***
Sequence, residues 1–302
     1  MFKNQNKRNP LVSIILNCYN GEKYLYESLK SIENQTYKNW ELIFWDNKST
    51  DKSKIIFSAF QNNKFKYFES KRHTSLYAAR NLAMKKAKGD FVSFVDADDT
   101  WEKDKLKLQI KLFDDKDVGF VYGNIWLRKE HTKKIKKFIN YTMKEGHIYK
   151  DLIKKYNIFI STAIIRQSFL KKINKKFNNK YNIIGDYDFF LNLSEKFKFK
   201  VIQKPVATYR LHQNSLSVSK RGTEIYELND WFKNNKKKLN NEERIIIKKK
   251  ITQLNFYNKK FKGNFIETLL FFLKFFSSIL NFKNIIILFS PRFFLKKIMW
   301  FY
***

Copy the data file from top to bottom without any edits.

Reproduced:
Sequence, residues 1–302
     1  MFKNQNKRNP LVSIILNCYN GEKYLYESLK SIENQTYKNW ELIFWDNKST
    51  DKSKIIFSAF QNNKFKYFES KRHTSLYAAR NLAMKKAKGD FVSFVDADDT
   101  WEKDKLKLQI KLFDDKDVGF VYGNIWLRKE HTKKIKKFIN YTMKEGHIYK
   151  DLIKKYNIFI STAIIRQSFL KKINKKFNNK YNIIGDYDFF LNLSEKFKFK
   201  VIQKPVATYR LHQNSLSVSK RGTEIYELND WFKNNKKKLN NEERIIIKKK
   251  ITQLNFYNKK FKGNFIETLL FFLKFFSSIL NFKNIIILFS PRFFLKKIMW
   301  FY